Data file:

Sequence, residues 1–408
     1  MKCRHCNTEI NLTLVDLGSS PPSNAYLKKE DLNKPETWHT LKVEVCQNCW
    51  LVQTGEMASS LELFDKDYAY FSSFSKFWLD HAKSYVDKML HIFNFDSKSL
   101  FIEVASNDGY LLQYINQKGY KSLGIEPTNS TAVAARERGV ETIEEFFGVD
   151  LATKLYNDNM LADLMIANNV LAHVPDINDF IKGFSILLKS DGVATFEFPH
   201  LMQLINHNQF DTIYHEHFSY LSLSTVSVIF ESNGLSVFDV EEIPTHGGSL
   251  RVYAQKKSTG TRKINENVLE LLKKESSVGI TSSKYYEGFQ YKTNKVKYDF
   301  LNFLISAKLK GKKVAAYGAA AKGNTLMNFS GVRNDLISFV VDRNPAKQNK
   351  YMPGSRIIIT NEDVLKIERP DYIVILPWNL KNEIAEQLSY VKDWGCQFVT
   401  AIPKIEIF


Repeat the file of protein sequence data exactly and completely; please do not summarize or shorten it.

Sequence, residues 1–408
     1  MKCRHCNTEI NLTLVDLGSS PPSNAYLKKE DLNKPETWHT LKVEVCQNCW
    51  LVQTGEMASS LELFDKDYAY FSSFSKFWLD HAKSYVDKML HIFNFDSKSL
   101  FIEVASNDGY LLQYINQKGY KSLGIEPTNS TAVAARERGV ETIEEFFGVD
   151  LATKLYNDNM LADLMIANNV LAHVPDINDF IKGFSILLKS DGVATFEFPH
   201  LMQLINHNQF DTIYHEHFSY LSLSTVSVIF ESNGLSVFDV EEIPTHGGSL
   251  RVYAQKKSTG TRKINENVLE LLKKESSVGI TSSKYYEGFQ YKTNKVKYDF
   301  LNFLISAKLK GKKVAAYGAA AKGNTLMNFS GVRNDLISFV VDRNPAKQNK
   351  YMPGSRIIIT NEDVLKIERP DYIVILPWNL KNEIAEQLSY VKDWGCQFVT
   401  AIPKIEIF